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The Spectacle That Was Badilisha Poetry X-Change!


BY STELLA WAAFRIKA


                                       

Two weeks ago we headed to the Badilisha Poetry X-Change  held at the beautiful Young Blood Art Gallery on Bree street in the ever so breath-taking Cape Town. The Pan-African gathering kicked off at 7pm until 9pm, featuring African poets such as South Africa's renowned Professor Keorapetse Kgositsile, TJ Dema from Botswana, Tanzania's Caroline Anande Uliwa, Liyou Libsekal from Ethiopia and Siyabonga Ngcai from South Africa.


 It was a typical poetry affair, fun vibes, hosted by Didintle Ntsie who I kept on calling Queen Nandi, because of her outfit. Lol. I could hardly wait for 4th December, not only because I'm a poetry lover but also such events are usually held in Jo'burg so bringing this experience wrapped in Pan-Africanness had me count down like my life depended on it!

My biggest highlight was the legendary poet, Prof. Keorapetse Kgositsile. His witty approach while delivering his art wrapped in wisdom was rather captivating.  He read some of his poems including A New Day,  No Serenity Here amongst others.

Prof. Keorapetse Kgositsile

He spoke of imperialism and how in his words, "Our memories of the struggle will never die." While on imperialism, "....And I wonder why we are somewhere we did not aim to be."

There was so much to quote! I felt his presence was that of an African human library. Piles of wisdom were shared. Even though it was hard to choose the best, I had two profound statements that will forever live rent-free in my mind and better yet in reality.

  "You can do anything that you want to do, if you know what to do."

 He closed off with"So should I love my heart more because when I'm missing you, that's where I find you." The audience's reaction was everything! A long standing ovation and an overall moment of appreciation and acknowledgement of the legendary African storyteller was had from the roof all the way to the ground. Things our Pan-African forefathers would be proud of.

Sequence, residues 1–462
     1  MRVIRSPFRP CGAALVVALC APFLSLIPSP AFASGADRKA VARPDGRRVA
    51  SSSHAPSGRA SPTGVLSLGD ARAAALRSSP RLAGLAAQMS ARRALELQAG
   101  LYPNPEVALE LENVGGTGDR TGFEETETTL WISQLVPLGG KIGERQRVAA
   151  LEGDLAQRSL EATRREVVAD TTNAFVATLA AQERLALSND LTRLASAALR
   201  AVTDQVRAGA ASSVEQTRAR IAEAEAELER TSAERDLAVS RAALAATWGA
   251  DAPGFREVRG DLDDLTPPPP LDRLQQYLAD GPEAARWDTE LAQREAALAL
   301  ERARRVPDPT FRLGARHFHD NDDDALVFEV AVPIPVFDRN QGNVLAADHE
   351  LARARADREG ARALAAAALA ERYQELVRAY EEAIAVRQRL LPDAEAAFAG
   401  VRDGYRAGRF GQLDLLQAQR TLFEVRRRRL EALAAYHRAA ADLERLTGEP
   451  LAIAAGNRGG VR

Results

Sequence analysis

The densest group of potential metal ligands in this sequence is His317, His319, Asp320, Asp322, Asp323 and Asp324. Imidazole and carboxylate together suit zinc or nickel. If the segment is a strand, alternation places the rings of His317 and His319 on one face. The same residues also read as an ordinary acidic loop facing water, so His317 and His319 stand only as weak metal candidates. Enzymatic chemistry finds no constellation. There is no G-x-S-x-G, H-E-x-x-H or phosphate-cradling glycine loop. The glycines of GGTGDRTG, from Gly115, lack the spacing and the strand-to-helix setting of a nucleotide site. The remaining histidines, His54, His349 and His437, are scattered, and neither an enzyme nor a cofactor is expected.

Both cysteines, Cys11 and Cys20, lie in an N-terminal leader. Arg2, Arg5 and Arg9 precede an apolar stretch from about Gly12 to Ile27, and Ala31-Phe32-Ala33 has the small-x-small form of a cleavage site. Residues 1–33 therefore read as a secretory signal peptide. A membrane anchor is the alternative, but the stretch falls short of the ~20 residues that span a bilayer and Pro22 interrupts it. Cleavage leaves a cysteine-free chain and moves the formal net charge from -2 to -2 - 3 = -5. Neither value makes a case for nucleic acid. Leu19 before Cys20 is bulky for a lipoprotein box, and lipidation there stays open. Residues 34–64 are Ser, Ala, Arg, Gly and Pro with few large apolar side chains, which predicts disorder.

This had me think of people who've always told me poetry is just words nothing more to it. I refuse to believe that mind-set. Ever heard of words travel a thousand miles? Yeah, that. Just like reading, there are certain books you need to read at the right time, they will speak to you in whichever way possible. I feel the same applies to poetry, in a bit of a twisted way though; spoken word is designed for people it is intended to reach. Read target. Anyway, this is a debate for another day.



Ethiopian poet, Liyou Libsekal
Can I also highlight how normal it felt to be in the presence where three in four sisters were rocking nappy crowns while the rest rocked beautiful tribal print head wraps? It was a beautiful refreshing gesture, one I witnessed in modern-day Africa; 2015 to be precise.

Some poetry lovers were spotted.


                                                        



                                                      






MC for the night, Didintle Ntsie

This event was made possible by the support of International Fund for the Promotion of Culture (IFPC) of the United Nations Educational, Scientific and Cultural Organization(UNESCO).
When I asked Linda when is the next event and whether it's going to be an annual event, she explained they can't really confirm that because they rely on funding. So thank you to IFPC and UNESCO for being so awesome.

There was no better way to end this year than a Pan-African gathering of such magnitude. A big thank you to Linda Kaoma and The Africa Centre for the memorable experience.

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